Now, as then, news close to home reigns | Editor’s Notebook

I was doing some research in the Port Orchard Independent office on June 5, going through the earliest bound editions we have in our possession, and two questions came to mind.

First — and I am sorry about this, Port Orchard — I sipped my coffee and I had to ask myself, “Did we make this coffee using water from a swimming pool?” (Hint: I’m referring to the smell and taste of chlorine.)

Second, The Independent was founded in 1891 and our earliest bound editions were reportedly lost in a fire. So, I wondered: What was happening here around this time in Port Orchard’s adolescence? I turned to the Library of Congress’ “Chronicling America | Historic American Newspapers” database to see what was happening in Junes past.


From The Seattle Republican, June 17, 1898: “With a sudden leap and bound, the Sidney Independent changes to the Port Orchard Independent. Even the county seat ceases to have attractions for the county official paper.”

Zing. (Proudly, we are still located in the county seat. And proudly, we are still the county’s official newspaper.)

From The Seattle Republican, June 1, 1900, an apparent scolding over an election-related editorial in the Port Orchard Independent. “Why in the deuce did not the Port Orchard Independent tell us who the strong man in King county is while it was reading King County Republicans a lecture? King county wants to do the thing you advocate, put forward her strongest candidate, but when you keep that secret of the strongest candidate to yourself, how in thunder can she do so? Do not be selfish, but let us hear the name of the man you have in your editorial knot.”

In response, the Independent did so, which The Seattle Republican reprinted on June 22, 1900: “Senator Frink seems to have decidedly the best of it in King county in the race for the nomination for governor.”

(Frink, a state senator from Seattle, won the Republican nomination but lost the 1900 general election to incumbent John Rankin Rogers.)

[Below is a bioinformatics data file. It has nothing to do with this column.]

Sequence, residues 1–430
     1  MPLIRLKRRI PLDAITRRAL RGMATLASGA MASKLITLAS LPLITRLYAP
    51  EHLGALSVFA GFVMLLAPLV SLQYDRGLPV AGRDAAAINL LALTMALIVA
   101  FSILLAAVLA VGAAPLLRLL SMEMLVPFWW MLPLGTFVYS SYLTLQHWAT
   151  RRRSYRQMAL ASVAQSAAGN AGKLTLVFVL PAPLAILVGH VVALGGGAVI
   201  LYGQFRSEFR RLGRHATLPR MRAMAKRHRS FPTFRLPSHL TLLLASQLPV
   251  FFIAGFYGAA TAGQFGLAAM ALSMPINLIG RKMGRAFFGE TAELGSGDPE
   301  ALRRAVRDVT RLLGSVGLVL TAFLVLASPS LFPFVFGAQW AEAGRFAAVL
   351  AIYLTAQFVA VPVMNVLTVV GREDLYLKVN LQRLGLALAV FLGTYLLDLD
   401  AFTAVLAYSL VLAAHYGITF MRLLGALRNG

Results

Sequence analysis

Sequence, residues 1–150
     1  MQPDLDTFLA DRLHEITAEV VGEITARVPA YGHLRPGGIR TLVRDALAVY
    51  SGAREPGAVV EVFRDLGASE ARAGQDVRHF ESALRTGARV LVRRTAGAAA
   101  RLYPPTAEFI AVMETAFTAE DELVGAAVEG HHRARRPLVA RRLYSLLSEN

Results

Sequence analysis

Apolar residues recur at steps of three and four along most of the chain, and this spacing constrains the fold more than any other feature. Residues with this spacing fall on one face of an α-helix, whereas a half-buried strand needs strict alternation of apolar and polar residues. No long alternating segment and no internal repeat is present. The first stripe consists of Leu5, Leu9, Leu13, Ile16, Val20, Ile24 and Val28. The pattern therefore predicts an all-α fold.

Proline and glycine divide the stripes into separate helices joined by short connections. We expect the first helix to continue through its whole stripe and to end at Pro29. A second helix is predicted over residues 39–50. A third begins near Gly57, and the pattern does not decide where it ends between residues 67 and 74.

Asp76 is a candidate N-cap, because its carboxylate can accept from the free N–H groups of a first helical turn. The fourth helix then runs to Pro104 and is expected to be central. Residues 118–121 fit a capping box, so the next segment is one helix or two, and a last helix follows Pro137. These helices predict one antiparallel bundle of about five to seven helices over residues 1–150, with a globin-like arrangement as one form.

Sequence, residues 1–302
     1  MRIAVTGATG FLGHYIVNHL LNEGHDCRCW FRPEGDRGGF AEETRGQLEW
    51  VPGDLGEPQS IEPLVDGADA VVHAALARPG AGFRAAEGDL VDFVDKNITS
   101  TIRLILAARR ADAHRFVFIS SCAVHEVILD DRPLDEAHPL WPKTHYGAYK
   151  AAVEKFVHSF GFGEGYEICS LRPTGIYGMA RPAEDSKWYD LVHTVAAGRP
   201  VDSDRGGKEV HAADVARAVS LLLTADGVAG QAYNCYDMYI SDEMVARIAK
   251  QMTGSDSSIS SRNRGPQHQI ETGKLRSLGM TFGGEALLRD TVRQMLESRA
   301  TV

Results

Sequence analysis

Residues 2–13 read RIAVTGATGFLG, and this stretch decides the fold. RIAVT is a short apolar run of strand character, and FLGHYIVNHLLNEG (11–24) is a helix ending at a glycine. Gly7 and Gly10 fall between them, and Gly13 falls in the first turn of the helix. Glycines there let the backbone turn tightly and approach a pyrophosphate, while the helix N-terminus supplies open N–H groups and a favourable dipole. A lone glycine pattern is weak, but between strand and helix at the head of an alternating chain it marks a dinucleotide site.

Also on June 22, 1900, The Seattle Post-Intelligencer shared this news item from the Independent: “A fact not well known is that on Wednesday last there was fired from the battleship Iowa in Port Orchard the first admiral’s salute ever given on Puget sound.” The headline? “But many will follow.”

In the same edition, the P-I republished this item from the Independent, under the headline “All will be welcome”: “We have received from the executive committee an invitation to be present at the Fourth of July celebration to be held in Seattle. Elaborate preparations are being made for a grand time the two days of the celebration — July 3 and 4. No doubt a great many from this county will go over.”

(Fast forward to the next century: Elaborate preparations are made here for a grand time celebrating our nation’s independence. And there is no doubt a great many from Seattle now come here for the festivities.)

In the Minneapolis Journal, June 8, 1901, it was reported that W.L. Thompson of the Port Orchard Independent was among 60 Washington, Oregon and Idaho journalists to visit Minneapolis — arriving on the Northern Pacific train — for a national press association convention. The headline stated, “Entertained By a Commercial Club Committee and Sent On Their Way Rejoicing.”

(Not a lot of details given on that. Apparently, even in 1901, what happened in Minneapolis stayed in Minneapolis.)

On June 27, 1901, the San Juan Islander in Friday Harbor reported that lawyer/journalist H.L. Wilhelm of Seattle would help that newspaper prepare “a handsome illustrated supplement devoted exclusively to an exhaustive showing of the resources, industries, business interests, social life, home advantages, scenic attractions, etc. of San Juan county.” The Islander noted that Wilhelm had “completed this spring a fine business review of Kitsap county, published as a supplement to the Port Orchard Independent …”

The Little Falls (Minnesota) Herald, on June 23, 1905, republished on its front page this news item from the Port Orchard Independent: “Maley Rose and daughter, of Fort Ripley, Minn,. accompanied by Mr. Rose’s sister-in-law of Seattle, were the guests of Mr. and Mrs. S.S. Finney on Wednesday, and went to the head of the bay to visit Mr. and Mrs. John Gorst. These people were old neighbors in Minnesota. Mr. Rose is looking for a location and will also take in the Lewis and Clark exposition at Portland.”

Then, as now, news close to home reigns.

Next, we’ll visit July in early Port Orchard.

— Richard Walker is managing editor of Kitsap News Group and Contact him at